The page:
Cyber attacks are cheap to conduct, but expensive for organisations that are hit by them. Botnets can be hired cheaply, hacking software is readily available, and even those without technical or practical knowledge can purchase attacks as a service.
Attacks can cripple a company’s systems, they can lead to large fines and reputational damage, and the low investment necessary to conduct an attack means that no business is too small to be targeted.
That is where penetration testing (‘pen testing’) comes in. It is essentially a controlled form of hacking in which a professional pen tester, working on behalf of an organisation, uses the same techniques as a criminal hacker to search for vulnerabilities in the company’s networks or applications.
Penetration testing is widely acknowledged as an important part of cyber security (it is, for instance, a requisite part of a number of regulatory standards and compliance schemes), but, like any security mechanism, it is not perfect.
We’ve outlined some of the most important pros and cons of conducting penetration tests:
- They can identify a range of vulnerabilities.
Businesses are exposed to a host of potential threats, and each might be able to exploit hundreds of different vulnerabilities. Such vulnerabilities are open to potentially devastating attacks, such as SQL injection, and things as apparently benign as error pages can provide attackers with enough information to exploit a less obvious and much more harmful vulnerability.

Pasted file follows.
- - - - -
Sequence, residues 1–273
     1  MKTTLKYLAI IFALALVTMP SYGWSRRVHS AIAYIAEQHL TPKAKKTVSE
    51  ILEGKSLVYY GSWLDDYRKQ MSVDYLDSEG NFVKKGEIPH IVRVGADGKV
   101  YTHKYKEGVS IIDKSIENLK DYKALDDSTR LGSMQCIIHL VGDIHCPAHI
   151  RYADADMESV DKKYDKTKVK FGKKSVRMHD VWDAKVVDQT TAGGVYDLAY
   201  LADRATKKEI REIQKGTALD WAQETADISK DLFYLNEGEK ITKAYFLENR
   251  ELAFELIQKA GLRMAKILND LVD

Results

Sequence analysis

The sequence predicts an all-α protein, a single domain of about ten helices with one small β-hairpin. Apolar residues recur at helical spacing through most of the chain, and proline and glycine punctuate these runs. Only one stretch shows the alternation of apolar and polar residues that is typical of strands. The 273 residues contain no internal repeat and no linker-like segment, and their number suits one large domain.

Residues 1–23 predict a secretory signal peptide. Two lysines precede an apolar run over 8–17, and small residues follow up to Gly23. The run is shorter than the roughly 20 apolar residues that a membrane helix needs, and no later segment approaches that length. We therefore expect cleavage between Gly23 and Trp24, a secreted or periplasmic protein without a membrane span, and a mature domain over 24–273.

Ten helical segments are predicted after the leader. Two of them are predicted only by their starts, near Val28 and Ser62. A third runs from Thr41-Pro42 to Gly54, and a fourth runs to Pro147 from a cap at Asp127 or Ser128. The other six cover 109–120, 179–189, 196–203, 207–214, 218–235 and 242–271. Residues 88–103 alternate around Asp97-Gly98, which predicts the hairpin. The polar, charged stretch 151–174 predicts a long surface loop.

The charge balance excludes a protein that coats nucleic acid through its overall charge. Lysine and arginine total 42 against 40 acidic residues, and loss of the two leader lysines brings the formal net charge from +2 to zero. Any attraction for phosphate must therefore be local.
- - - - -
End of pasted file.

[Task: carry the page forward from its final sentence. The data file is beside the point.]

- They can identify high-risk weaknesses that result from a combination of smaller vulnerabilities.
Taken on their own, small vulnerabilities may appear negligible, but hackers often seek out these weaknesses to create intrusion sequences that take small, steady efforts to pry open security gaps into much larger weakness. These gaps are often overlooked by the company or automated security systems, but given that pen testers replicate a hacker’s methods, they will be able to identify such points of entry.
- Reports will provide specific advice.
The final step of a penetration test is reporting the vulnerabilities. Unlike automatically generated reports from tools that offer generic remediation tips, reports from penetration tests can rank and rate vulnerabilities according to the scale of the risk and the company’s budget.
- If they’re not done right, they can create a lot of damage.
Tests that are not done properly can crash servers, expose sensitive data, corrupt crucial production data, or cause a host of other adverse effects associated with mimicking a criminal hack.
- You are required to trust the penetration tester.
Penetration testing essentially means that you’re inviting someone to hack into your systems, so you’re relying on the tester not to abuse their skills and knowledge. If you don’t hire someone you can trust to do the job, your security attempts may backfire spectacularly.
- If you don’t employ realistic test conditions, the results will be misleading.
Employees are likely to prepare for a test that they know is going to take place, meaning that the organisation appears to be stronger than it actually is. A genuine attack will come without warning and in ways that are creative and hard to plan for.
Learn more about penetration testing
If you’re considering completing a penetration test, IT Governance offers a number of services in fixed-price packages. We have recently released a data sheet that outlines our services, methodology and the benefits of using IT Governance.
For instance, we are CREST-accredited, as are our penetration testers, and we are experts in many standards, including the PCI DSS, ISO 27001 and ISO 22301.